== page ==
“Includes No Dirt” is a threat modeling approach by William Dogherty and Patrick Curry of Omada Health, and I’ve been meaning to write about it since it came out. I like that it starts from context — the why this matters: Their goal is to have a single approach to security, privacy, and compliance. Reducing re-work is tremendously important to integrating into a development process and “shifting left.” The paper is available for download without registration, and is self-contained.
First, let me say that I think this is really nice work. Clean, if you will, and clearly grounded in having reviewed prior work without feeling a need to include it all. The white paper contains 4 main parts:
- The NO DIRT model for learning what can go wrong
- Putting NO DIRT into action
- Sample assessment questionnaires and brainstorming worksheets
The section “putting NO DIRT into action” is particularly interesting as a list of “when”, “who” and “how,” to show how the same technical work can serve five different organizational goals. I also like that one of the “whens” is vendor risk management. No one involved likes the practice of sending long spreadsheets full of questions like “do you have a clean desk policy” back and forth. (Which is why there’s 3 million job openings: people prefer to take a job as a TSA screener.) More seriously, an approach that focuses on exchanging threat models is a welcome and important development, and that approach can be seen as a new and useful building block.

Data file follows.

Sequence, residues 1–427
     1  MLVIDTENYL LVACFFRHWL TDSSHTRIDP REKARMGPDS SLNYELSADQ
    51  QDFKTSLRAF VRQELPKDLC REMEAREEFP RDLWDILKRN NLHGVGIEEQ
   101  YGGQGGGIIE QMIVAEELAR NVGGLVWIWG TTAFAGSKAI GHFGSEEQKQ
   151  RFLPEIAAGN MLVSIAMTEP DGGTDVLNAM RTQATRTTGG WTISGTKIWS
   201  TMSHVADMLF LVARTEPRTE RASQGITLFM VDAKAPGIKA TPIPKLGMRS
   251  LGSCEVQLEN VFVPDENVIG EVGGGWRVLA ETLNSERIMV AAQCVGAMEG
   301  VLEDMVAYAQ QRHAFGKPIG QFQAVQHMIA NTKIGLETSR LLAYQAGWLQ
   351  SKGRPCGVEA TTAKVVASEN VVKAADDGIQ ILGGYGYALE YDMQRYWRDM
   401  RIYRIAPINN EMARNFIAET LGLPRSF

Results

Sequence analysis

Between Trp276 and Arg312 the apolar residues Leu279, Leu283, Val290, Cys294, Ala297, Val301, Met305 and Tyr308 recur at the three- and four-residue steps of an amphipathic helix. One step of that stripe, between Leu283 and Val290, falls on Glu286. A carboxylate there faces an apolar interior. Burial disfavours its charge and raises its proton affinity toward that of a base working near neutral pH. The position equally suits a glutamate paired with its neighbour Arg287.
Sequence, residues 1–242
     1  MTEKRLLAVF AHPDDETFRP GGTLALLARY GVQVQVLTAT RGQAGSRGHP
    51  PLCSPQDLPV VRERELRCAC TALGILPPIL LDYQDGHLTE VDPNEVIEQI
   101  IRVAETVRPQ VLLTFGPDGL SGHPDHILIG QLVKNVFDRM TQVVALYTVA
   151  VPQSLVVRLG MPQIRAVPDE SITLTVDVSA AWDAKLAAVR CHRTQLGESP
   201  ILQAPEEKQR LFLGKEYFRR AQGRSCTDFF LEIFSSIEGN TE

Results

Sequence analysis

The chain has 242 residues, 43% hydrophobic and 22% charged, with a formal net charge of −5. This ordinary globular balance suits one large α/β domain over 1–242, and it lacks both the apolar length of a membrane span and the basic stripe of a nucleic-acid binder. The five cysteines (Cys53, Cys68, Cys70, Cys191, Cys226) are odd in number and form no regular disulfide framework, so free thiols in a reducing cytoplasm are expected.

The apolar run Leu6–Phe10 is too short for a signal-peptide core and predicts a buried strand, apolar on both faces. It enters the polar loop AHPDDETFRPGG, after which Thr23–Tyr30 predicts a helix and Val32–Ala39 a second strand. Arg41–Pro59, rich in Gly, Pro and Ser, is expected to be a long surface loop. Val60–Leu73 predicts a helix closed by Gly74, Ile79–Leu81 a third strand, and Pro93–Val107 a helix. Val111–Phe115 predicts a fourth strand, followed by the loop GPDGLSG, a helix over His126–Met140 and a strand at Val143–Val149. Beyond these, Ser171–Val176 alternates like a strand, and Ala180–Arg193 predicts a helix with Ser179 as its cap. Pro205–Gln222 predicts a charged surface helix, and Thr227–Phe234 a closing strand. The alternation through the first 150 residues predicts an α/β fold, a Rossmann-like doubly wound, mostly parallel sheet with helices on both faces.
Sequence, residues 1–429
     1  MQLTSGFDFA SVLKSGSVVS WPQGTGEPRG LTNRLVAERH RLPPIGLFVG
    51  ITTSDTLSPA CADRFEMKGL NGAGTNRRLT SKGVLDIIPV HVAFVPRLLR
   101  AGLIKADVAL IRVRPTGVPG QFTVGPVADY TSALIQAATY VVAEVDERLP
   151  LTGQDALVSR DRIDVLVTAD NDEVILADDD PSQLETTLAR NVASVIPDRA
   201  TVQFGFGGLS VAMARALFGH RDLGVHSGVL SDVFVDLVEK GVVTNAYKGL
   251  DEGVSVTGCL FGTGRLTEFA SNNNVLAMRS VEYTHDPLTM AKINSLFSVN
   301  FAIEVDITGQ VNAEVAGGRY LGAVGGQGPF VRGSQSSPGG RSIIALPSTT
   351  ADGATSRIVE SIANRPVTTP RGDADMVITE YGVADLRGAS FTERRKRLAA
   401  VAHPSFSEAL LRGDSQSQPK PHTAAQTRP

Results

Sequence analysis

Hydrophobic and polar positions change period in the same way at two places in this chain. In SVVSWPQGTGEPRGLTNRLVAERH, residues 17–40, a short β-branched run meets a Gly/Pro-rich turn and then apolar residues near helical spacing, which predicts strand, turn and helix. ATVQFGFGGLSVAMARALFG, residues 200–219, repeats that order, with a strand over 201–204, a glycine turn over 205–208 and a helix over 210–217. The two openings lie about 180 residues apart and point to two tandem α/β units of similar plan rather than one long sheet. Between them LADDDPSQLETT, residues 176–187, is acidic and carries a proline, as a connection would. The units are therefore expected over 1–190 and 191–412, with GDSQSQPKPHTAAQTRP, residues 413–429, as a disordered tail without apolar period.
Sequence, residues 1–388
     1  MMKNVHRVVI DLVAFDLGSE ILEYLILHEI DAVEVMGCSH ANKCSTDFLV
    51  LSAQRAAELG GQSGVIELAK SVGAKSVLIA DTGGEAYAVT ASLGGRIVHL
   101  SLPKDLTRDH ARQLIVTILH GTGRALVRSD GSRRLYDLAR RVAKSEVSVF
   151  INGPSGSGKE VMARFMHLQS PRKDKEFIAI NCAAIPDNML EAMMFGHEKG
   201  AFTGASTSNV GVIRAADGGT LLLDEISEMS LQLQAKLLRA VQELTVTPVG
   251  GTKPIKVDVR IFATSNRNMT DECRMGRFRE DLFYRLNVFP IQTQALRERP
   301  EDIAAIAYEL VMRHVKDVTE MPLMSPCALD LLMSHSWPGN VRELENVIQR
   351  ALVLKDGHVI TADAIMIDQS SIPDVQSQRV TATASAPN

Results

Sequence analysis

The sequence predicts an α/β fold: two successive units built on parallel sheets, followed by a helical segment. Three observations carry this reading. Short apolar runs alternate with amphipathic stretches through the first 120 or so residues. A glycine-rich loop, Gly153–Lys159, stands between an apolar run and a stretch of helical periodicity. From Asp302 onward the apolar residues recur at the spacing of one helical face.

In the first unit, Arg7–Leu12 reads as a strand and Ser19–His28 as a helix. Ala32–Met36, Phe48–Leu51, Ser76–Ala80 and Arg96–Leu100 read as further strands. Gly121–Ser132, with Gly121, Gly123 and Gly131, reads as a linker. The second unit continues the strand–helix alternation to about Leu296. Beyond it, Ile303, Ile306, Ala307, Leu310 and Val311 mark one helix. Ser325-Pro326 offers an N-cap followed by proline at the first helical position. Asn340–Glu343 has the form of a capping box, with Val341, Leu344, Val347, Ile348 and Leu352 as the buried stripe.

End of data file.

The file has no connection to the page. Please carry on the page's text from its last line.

The scoring system is interesting, and I am somewhat surprised to see the direct translation from a score to a high/medium/low, but I suspect that that relates to the oversight mechanisms in place.
I like that the questionnaire and brainstorming worksheets are clearly separate from the core model, both by the word sample, and by their inclusion as appendices. It took me a bit to understand that appendix A is samples (showing the work) and B is samples (for use).
My understanding is that the authors would be happy to see it adopted and adapted, and my very small critique is that I’d like to see explicit permission to build on the questionnaire, under a creative commons or similar license.